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  1. Abstract Nitrogen (N) doped graphene materials have been synthesized using the sole precursor adenine on the Ir(111) and Ru(0001) surfaces. X-ray photoelectron spectroscopy and scanning tunneling microscopy (STM) have been used to characterize the obtained N-doped graphene materials. Several graphitic and pyridinic N dopants have been identified on the atomic scale by combining STM measurements and STM simulations based on density functional theory calculations. 
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    Free, publicly-accessible full text available July 7, 2024
  2. Abstract Aim

    The study systematically compared the N2O-reducing functional performances and the genomic features of two N2O-reducing isolates, aimed to screen out effective N2O-reducing bacteria with strong environmental adaption, and explore the possible regulation.

    Methods and Results

    Two N2O reducers, namely, Pseudomonas veronii DM15 (DM15) and Pseudomonas frederiksbergensis DM22 (DM22), isolated from paddy soil were selected. Their N2O-reducing abilities, and nosZ gene transcript abundance were determined under different temperatures (20°C, 30°C, 40°C) and oxygen concentrations (0%, 10%, 21%), and the whole genomes were sequenced by Illumina sequencing. The results showed that both DM15 and DM22 exhibited the strongest N2O reducing activity at 30°C and under anaerobic conditions. In comparison, DM15 generally exhibited significantly higher N2O reducing abilities and nosZ gene expression than DM22 under all tested conditions. In addition, DM15 possessed obviously higher expression potentials (codon adaptation index (CAI) value) of nos genes than DM22, and the nos cluster of the former contained a transcriptional regulator gene of dnr, while the latter did not.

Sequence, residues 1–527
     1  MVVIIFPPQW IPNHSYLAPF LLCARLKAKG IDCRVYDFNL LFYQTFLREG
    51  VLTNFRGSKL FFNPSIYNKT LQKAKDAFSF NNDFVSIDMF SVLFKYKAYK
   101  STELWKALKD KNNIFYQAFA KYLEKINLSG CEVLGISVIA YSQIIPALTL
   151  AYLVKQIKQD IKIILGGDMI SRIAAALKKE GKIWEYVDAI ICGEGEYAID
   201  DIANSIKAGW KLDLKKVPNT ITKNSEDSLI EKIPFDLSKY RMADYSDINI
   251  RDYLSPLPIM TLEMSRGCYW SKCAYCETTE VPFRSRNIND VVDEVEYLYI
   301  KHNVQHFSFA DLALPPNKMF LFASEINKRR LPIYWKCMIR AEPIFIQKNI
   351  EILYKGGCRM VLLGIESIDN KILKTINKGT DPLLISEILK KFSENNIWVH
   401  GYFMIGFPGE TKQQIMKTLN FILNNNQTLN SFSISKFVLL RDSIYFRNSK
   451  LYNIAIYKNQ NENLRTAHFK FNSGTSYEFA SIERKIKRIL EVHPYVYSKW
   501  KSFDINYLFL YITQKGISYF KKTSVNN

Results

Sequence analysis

The results indicate that DM15 showed obviously stronger N2O-reducing abilities than DM22 under various conditions, which might be closely associated with its dnr transcriptional regulator, and thus promoting the higher transcriptional activities of nos genes. Although anaerobic conditions were the optimal conditions for N2O reduction in both strains, DM15 still reduced a certain amount of N2O even under aerobic conditions.

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  3. null (Ed.)
    There is a cohesive body of research on the effectiveness of problem-based learning (PBL) for a wide range of learner groups across different disciplines in engineering education. On the other hand, there is a growing interest in using immersive technologies such as virtual reality (VR) in engineering education. While there are many literature review articles on each of these subjects separately, there is a lack of review articles on the application of combined PBL-VR learning environments in engineering education. This paper provides an assessment of the applications and potential of implementing immersive technologies in a PBL setting to utilize the advantages of both paradigms. More specifically, this paper aims to provide insights related to two main questions: (1) where (in what disciplines/subjects) PBL and VR have been used together in engineering education? And, (2) how are VR and PBL integrated and used in engineering education? The first question is investigated by performing a bibliometric analysis of relevant papers published in the proceedings of previous ASEE annual conferences. The second question is explored by performing a literature review and classification of ASEE papers that discuss the use of VR in conjunction with PBL. Our findings reveal a gap between the application of integrated PBL and VR across different disciplines in engineering education. We also analyze the trends related to PBL and VR application in engineering education over time. Finally, we identify and propose future opportunities related to the combination of PBL and immersive technologies, including but not limited to immersive simulation-based learning (ISBL) and incorporating artificial intelligence (AI) into immersive virtual/simulated learning environments used in engineering education. 
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